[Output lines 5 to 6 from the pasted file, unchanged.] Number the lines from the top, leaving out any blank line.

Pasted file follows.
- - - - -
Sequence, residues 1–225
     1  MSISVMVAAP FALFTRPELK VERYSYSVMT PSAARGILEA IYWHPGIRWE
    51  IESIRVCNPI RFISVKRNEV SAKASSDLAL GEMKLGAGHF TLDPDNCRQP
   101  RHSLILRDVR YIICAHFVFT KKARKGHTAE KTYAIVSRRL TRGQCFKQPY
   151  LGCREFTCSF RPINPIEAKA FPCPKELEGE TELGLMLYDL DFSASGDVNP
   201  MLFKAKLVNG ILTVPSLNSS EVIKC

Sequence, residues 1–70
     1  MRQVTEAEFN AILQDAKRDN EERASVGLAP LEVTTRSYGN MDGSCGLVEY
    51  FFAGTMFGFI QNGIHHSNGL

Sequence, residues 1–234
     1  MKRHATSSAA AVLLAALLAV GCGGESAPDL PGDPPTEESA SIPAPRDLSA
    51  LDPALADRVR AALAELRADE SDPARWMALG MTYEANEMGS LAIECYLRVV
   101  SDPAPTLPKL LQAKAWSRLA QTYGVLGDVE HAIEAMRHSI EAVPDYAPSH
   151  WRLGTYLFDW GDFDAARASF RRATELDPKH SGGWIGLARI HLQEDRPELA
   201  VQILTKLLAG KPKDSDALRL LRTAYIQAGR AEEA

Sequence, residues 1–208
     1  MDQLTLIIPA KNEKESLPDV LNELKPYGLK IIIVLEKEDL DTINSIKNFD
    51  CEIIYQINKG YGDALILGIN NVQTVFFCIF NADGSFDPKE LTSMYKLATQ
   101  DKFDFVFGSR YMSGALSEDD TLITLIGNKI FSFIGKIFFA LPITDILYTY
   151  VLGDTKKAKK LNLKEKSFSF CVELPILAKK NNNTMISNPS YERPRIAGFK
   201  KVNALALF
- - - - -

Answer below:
   151  LGCREFTCSF RPINPIEAKA FPCPKELEGE TELGLMLYDL DFSASGDVNP
   201  MLFKAKLVNG ILTVPSLNSS EVIKC